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How To Sleep When You Have Anxiety
Do you regularly lie awake with your mind racing? You’re not alone. Bethany Fulton figures out how to get a good nights sleep
It’s 3am. I’ve been lying awake for four hours now, and all I can think about is how much I want to sleep, and how utterly incapable of it I seem to be. I might get up and wander the house. Maybe I’ll get up and do some work. But one thing is certain – for the entire time, I’ll be on edge. I SHOULD BE ASLEEP.
Considering sleep is an essential human function, it’s astonishing how many of us struggle with it. Whether you’re tossing and turning until the small hours, or you find yourself kept awake by the worries of daily life, more of us than ever are finding it difficult to dose off.
Sleep can be made even harder by anxiety, something a lot of us seem to suffer from these days. But while there is no magic sleep bullet, there are several steps you can take to ensure you rest a little easier, some of which you should do at bedtime and others you can do throughout the day.
- Cut Back on Caffeine
Reducing your caffeine intake can make a huge difference to your sleep when you have anxiety. Some of us (me included) find caffeine can be a trigger for anxiety anyway, so add in the fact that you’re more likely to struggle to fall asleep and it’s a whole mess of sleepless nights. Whether you cut out caffeine entirely or just try and avoid it after noon, limiting your intake could really help with anxiety in general and promote healthy sleep.
- Avoid Alcohol
While a glass of vino in the evening can help you fall asleep, alcohol is something to reconsider if you’re struggling with sleep. For as much as booze might help with initially knocking you out, it also reduces how long you spend in REM, the phase of sleep which allows your mind and body to properly rest and recover. If you’re waking up feeling tired despite getting the recommended eight hours, it’s likely that you’re not spending enough time in REM sleep. Try and keep alcohol to earlier in the day (I’m taking that as an excuse to day drink, but you probably shouldn’t), or just reduce your alcohol intake in general.
- Get Some Exercise
You may not want to hear it (I certainly didn’t) but exercising during the day can help you to get a good night’s sleep. Regular exercisers fall asleep faster and sleep more deeply, so it might be time to accept that getting sweaty really is good for every aspect of our lives. Thinking about it, I do usually sleep better after my Monday yoga class, so clearly, I need to destroy my poor thighs every day to get some decent rest.
- Bin the Blue Light
You might have read some of the recent reports about the health effects of blue light, which is the type emitted by digital screens. Blue light messes up your body’s sense of day and night, so when exposed to blue light, our body reads this as a signal to be awake. In short, scrolling through Instagram before bed can mean you will struggle to get to sleep, even once you’re done procrastinating by following all of the cat accounts you can find (or is that just me?). There’s also evidence that blue light can damage your skin, so that might be something to bear in mind. As someone who spends 99 per cent of their time looking at a screen, I’m slightly scared of what I’m going to look like in ten years.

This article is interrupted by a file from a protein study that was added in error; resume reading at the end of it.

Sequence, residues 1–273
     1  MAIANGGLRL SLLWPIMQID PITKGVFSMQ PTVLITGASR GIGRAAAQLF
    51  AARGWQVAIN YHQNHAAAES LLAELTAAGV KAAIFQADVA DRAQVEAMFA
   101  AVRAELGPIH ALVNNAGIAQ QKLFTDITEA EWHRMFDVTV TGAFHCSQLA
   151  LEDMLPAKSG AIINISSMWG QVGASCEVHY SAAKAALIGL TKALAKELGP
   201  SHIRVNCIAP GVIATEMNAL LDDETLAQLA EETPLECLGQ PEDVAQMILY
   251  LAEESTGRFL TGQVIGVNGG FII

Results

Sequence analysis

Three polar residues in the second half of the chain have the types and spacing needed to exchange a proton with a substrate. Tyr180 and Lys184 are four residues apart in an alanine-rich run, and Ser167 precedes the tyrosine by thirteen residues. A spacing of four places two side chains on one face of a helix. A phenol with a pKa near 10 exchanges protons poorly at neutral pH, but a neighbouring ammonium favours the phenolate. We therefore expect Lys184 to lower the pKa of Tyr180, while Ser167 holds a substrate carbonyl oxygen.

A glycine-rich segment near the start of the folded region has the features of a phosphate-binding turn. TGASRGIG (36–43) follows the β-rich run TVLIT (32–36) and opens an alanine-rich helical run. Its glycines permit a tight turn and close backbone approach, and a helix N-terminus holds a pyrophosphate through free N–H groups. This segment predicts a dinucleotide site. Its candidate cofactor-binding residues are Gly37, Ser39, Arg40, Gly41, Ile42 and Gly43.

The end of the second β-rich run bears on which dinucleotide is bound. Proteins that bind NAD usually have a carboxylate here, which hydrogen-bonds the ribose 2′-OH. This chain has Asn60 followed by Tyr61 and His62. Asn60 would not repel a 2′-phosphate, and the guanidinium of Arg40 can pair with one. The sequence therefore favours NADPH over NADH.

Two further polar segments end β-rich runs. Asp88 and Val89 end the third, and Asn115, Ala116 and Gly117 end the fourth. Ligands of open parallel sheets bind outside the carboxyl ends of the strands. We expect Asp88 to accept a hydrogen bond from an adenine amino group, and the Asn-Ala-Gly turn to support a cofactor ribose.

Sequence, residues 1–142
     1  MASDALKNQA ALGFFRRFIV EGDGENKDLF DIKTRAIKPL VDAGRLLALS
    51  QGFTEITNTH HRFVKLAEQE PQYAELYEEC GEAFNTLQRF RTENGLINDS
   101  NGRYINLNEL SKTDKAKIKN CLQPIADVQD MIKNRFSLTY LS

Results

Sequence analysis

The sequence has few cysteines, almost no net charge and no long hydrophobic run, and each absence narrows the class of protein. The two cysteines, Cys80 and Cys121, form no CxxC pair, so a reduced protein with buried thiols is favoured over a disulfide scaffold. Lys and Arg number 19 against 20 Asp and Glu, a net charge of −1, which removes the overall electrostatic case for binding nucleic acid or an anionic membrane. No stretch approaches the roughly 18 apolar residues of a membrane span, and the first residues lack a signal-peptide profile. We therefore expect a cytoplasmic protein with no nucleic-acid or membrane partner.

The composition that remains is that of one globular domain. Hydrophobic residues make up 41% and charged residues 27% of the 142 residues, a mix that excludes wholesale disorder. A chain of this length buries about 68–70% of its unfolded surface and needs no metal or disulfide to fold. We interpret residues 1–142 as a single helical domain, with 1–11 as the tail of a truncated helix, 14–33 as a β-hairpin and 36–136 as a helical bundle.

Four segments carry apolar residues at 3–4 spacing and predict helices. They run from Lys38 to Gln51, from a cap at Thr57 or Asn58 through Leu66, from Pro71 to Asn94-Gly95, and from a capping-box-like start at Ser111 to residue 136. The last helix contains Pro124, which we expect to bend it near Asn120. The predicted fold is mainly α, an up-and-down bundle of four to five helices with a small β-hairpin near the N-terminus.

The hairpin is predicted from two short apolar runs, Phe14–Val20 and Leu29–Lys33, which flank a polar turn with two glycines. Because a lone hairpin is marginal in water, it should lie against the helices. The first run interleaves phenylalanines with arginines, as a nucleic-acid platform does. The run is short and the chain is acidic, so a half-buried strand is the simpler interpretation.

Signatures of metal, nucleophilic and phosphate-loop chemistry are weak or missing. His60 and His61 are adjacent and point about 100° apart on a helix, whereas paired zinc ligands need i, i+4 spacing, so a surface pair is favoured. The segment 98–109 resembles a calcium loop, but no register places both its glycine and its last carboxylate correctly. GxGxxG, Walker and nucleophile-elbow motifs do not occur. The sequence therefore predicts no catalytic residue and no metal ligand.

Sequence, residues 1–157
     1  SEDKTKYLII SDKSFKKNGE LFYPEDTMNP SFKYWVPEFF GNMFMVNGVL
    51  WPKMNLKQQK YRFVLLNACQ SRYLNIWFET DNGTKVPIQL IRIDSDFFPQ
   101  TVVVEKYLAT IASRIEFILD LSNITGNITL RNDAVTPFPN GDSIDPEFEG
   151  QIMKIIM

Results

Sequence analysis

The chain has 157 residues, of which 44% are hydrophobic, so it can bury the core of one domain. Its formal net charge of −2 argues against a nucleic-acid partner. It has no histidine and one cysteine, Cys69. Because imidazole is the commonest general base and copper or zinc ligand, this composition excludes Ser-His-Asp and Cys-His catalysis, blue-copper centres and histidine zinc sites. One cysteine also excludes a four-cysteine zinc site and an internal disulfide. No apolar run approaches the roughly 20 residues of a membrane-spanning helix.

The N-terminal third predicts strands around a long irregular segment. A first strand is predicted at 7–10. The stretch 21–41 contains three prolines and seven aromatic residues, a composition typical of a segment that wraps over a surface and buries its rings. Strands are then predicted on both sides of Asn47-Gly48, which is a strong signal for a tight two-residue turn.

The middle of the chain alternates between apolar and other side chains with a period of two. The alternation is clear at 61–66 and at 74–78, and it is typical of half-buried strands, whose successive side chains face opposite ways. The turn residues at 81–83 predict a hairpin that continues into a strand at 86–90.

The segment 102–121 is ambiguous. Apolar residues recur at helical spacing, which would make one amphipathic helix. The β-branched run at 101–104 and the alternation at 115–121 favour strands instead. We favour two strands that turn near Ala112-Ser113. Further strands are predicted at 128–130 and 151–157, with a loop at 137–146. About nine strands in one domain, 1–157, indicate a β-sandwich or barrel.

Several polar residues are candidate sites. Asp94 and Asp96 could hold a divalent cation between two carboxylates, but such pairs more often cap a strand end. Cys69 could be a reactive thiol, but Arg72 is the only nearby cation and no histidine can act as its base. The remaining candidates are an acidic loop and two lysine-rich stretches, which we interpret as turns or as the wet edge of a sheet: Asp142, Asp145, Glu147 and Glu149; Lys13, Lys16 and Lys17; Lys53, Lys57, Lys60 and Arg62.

- Revert to Routine
A recent Restless article by Charlotte Moore talked about how much easier she slept after settling back into her childhood bedtime routine, and such a schedule really can help with falling asleep when you have anxiety. Having an established bedtime routine means your mind knows the cues that mean it’s time for bed, and it can start slowing down earlier in the evening. I’ll be trying out Charlotte’s book, bath, bed routine later this week!
- Make Bedtime Mindful
Personally, the main thing I struggle with is trying to fall asleep when my mind Just. Won’t. Shut. Up. Mental chatter is a tricky thing to manage, as your brain wants to be active and thinking, yet in doing so, can’t fall asleep. The most effective solution is to walk the line between doing just enough to keep your mind occupied and not so much that you’re kept awake. It’s basically counting sheep, except the tactic that works best for me is counting down from 10,000 in time with my breaths. Not only does it make you more aware of your body and help you to slow down, but mentally saying each number to yourself is long-winded (and boring) enough that it can summon sleep. I know I’ve reached the 7,000s before, but if I stick to it, I always fall asleep in the end. I’ve personally found meditation apps can really help with keeping your mind busy, but not too busy.
- When All Else Fails…
Of course, sometimes you’ve just got to accept defeat and get up. If there’s something in particular on your mind, whether it’s something you need to remember to add to your to do list for tomorrow, or you can’t stop thinking about the fact that you left downstairs untidy (I’m looking at you, Monica Geller), sometimes the best thing is to get up and sort it. It’s one less thing on your mind, and getting up, sorting it and then trying to wind down again might be exactly what you need.
If your anxiety is keeping you awake, it’s worth trying some of these methods before going to a doctor. However, it is recommended that if you’re still struggling after several months that you visit your GP to see if there’s something that can be done to help. As someone who seriously struggled with sleep deprivation for almost a year, and became a pretty angry person because of it, I really recommend seeking help if these aren’t working. Sometimes though, it’s worth looking around you for any obvious sources of stress. Mine was my ex, and now I sleep pretty damn soundly without him…